Fig. 4

Pathological herd incidence and serological herd prevalence per 50 × 50 km square grid

The serological sampling strategy involved the opportunistic real-time selection of serum samples submitted for the national brucellosis serological surveillance programme, as this was considered the most cost effective and efficient way to access serum from cattle throughout the country. The parameters set out in the sampling plan were conservative from a herd-level perspective. In designing the sampling frame, it was assumed that if SBV was present in a herd, there would be relatively high within-herd prevalence as had been indicated by serological data from several European countries. The within herd prevalence was set at 70 % which is relatively low compared to the levels of seroconversion seen in exposed herds in other countries. The herd level prevalence was set at 1 % to detect a low level herd prevalence. While there is always the potential for bias with an opportunistic sampling strategy, this was addressed in part by selecting herds which had already been randomly selected for the national brucellosis eradication programme. The consistency in the results between the three serological surveys, in itself, suggests that there was limited bias in sample selection. Where single seropositive animals were identified in herds within those regions with low herd prevalence this may have been the result of moving animals that had already been exposed from the high prevalence areas of the south and south-east rather than local vector-borne spread. A previous study has shown there is considerable movement of cattle within Ireland [26]. In separate serological studies to assess SBV exposure in sheep flocks, follow-up of a single seropositive sheep in a county with low levels of seroconversion, showed that it had been purchased from the south east [27]. Such movements rather than “false positive” test results are a more likely explanation of singletons given the reported specificity of the serological test method that was used.

In future serological studies on SBV in Ireland, it would be prudent to sample animals born in or after 2013 in the high prevalence areas disclosed in this study, to determine if infection is present and active in those areas. Several studies have shown that cattle are more attractive to biting midges than other ruminant species, which makes them the ideal sentinel species for a midge borne disease. In one study 83 % of midges collected originated from cattle and 17 % originated from sheep, and almost 50 % of the midges originating from cattle were blood engorged versus 7 % of the midges which originated from sheep [28]. The present study has shown marked regional variation in SBV seroprevalences. Any future prevalence studies of vector borne disease could be informed by this gradient information and adjust/set their sampling frames on an intelligent regional basis rather than on a single national basis. It would be prudent to continue national serosurveys and the targeting of animals expected to be immunologically naïve, i.e. 2013 and 2014 born animals in the high prevalence areas in this study, to monitor SBV in the future. SBV is a relatively low impact disease, but shares a vector with pathogens that may potentially be of much greater significance. The patterns revealed and understanding gained with SBV should prove transferrable to other arboviruses. The epidemiology of SBV in its Culicoides vector is also worthy of further investigation in an Irish context. Understanding the ecology of various midge species and their competence as viral vectors will be very important in assessing the risk of viral introduction into and spread within Ireland in the face of any future midge-borne viral epizootic in Europe.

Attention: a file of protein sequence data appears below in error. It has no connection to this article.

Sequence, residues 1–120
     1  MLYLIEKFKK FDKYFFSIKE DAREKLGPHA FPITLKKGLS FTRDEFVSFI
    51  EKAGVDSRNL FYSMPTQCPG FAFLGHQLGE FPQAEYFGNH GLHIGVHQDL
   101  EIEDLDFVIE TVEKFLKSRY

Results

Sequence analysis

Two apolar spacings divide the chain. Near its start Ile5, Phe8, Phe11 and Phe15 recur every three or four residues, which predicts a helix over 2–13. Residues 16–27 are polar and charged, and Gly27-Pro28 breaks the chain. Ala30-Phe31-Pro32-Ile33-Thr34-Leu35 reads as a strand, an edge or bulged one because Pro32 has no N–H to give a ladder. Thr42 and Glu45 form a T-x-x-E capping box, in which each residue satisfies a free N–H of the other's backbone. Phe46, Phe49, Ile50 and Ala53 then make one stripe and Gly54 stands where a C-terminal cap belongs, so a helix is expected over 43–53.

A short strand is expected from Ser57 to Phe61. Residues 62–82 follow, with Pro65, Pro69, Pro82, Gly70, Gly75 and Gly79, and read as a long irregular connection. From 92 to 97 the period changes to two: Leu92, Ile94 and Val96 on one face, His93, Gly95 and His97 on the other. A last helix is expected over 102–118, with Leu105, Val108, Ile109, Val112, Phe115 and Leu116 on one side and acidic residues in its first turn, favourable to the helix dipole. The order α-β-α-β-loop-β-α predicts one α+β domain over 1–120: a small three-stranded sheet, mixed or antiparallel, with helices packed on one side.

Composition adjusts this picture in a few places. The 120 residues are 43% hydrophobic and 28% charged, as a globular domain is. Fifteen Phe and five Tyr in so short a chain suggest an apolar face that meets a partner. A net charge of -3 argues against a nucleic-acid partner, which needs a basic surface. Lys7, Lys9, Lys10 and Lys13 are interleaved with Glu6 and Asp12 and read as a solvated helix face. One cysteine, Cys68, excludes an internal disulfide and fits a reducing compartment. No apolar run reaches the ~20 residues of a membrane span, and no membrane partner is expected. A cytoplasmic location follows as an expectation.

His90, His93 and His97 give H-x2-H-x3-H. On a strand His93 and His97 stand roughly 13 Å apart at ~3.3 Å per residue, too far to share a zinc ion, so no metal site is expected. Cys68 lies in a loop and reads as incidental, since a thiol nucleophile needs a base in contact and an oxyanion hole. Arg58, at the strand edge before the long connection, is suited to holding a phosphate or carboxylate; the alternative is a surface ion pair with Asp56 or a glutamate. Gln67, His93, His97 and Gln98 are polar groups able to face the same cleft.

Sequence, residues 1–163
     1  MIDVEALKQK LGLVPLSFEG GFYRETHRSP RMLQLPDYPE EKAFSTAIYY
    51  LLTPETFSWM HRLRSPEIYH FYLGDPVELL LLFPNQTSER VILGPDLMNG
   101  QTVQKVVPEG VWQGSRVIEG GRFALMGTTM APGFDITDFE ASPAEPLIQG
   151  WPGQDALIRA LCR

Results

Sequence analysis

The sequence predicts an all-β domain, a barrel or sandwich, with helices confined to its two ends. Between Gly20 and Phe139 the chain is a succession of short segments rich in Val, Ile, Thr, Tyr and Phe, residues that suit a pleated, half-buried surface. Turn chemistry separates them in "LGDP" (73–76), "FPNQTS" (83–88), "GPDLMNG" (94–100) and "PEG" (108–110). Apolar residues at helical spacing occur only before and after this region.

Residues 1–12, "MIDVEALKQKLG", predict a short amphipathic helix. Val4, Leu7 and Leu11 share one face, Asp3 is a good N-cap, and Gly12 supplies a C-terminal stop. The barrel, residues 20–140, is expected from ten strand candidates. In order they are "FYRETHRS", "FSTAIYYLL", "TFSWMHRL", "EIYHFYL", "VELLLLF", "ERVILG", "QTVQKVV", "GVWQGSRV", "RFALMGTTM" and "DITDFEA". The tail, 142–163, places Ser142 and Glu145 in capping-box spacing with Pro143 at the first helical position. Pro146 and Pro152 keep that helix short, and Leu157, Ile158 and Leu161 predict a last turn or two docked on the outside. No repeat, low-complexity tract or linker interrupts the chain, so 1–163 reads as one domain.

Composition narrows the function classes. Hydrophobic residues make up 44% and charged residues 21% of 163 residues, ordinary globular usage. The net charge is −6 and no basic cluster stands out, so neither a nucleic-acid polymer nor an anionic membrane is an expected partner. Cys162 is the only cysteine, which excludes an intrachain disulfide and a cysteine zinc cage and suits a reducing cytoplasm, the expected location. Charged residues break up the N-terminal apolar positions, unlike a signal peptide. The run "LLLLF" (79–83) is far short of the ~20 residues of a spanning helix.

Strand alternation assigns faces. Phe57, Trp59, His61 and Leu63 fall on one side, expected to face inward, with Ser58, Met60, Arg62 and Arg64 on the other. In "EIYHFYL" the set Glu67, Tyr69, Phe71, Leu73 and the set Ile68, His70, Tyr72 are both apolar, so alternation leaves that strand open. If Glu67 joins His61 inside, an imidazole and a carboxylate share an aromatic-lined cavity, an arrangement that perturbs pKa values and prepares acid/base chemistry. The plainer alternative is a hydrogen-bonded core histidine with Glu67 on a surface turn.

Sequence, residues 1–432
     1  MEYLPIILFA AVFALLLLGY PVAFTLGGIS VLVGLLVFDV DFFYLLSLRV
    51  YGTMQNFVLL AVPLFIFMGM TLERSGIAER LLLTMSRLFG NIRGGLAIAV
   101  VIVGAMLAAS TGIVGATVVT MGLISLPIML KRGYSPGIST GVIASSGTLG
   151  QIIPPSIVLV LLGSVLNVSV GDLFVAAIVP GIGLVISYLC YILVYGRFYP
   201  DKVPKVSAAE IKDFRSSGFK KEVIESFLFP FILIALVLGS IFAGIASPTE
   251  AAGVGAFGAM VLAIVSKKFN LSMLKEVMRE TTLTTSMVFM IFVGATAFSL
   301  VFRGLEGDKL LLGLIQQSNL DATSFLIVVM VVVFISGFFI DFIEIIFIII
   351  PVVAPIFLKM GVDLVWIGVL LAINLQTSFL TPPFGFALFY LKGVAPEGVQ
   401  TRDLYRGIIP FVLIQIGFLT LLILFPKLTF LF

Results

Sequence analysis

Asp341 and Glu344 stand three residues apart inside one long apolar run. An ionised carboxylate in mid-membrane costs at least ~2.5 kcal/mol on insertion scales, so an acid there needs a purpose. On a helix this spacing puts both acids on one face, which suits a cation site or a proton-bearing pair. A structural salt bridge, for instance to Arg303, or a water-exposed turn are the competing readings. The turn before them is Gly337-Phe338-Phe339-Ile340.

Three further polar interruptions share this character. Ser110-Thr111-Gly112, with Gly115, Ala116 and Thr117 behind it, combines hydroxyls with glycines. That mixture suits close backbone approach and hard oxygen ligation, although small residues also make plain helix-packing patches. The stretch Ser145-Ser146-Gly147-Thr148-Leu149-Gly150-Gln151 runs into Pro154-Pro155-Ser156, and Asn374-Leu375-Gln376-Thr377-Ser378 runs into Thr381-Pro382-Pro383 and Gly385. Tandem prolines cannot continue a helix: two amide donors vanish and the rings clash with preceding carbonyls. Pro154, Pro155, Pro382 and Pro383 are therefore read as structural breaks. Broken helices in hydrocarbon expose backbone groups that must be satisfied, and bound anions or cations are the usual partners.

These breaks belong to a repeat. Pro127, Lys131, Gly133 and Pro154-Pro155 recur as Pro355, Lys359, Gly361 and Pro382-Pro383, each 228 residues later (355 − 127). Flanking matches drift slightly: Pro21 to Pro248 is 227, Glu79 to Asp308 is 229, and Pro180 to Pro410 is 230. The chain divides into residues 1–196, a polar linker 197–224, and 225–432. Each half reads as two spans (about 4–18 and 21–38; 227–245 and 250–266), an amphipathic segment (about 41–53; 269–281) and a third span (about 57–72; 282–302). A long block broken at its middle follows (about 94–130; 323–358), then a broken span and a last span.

Conclusion

The initial serologial survey carried out at the end of 2012 showed widespread exposure to SBV in southern and south eastern Ireland. Subsequent surveys in 2013 showed little or no evidence of any further outward spread. Unlike, several other European countries there was no evidence of spread in the second vector season. Given the lack of evidence for circulation since 2012, it is likely that younger age cohorts in herds previously exposed to SBV and animals of all ages in herds on the margins of affected areas are immunologically naive to SBV, and susceptible if the virus was to re-emerge.

Declarations

Acknowledgements

We thank the Friederich-Loeffler-Institute for the provision of RT-qPCR reagents and advice. We are grateful to staff in Kilkenny and Cork RVLs for the gross post mortem examinations where gross lesions suggestive of SBV were identified and suitable samples obtained and to staff in the Virology division in the Central Veterinary Laboratory, Backweston for carrying out the RT-qPCR tests. We thank the staff of the Cork Blood Testing Laboratory for serological testing.

Open AccessThis article is distributed under the terms of the Creative Commons Attribution 4.0 International License (http://creativecommons.org/licenses/by/4.0/), which permits unrestricted use, distribution, and reproduction in any medium, provided you give appropriate credit to the original author(s) and the source, provide a link to the Creative Commons license, and indicate if changes were made. The Creative Commons Public Domain Dedication waiver (http://creativecommons.org/publicdomain/zero/1.0/) applies to the data made available in this article, unless otherwise stated.

Authors’ Affiliations

(1)
Department of Agriculture, Food and the Marine, Sligo Regional Veterinary Laboratory
(2)
Centre for Veterinary Epidemiology and Risk Analysis, UCD School of Veterinary Medicine, University College Dublin
(3)
Department of Agriculture, Food and the Marine, Central Veterinary Laboratory, Backweston Laboratory Complex
(4)
Department of Agriculture, Food and the Marine, Cork Blood Testing Laboratory

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© Barrett et al. 2015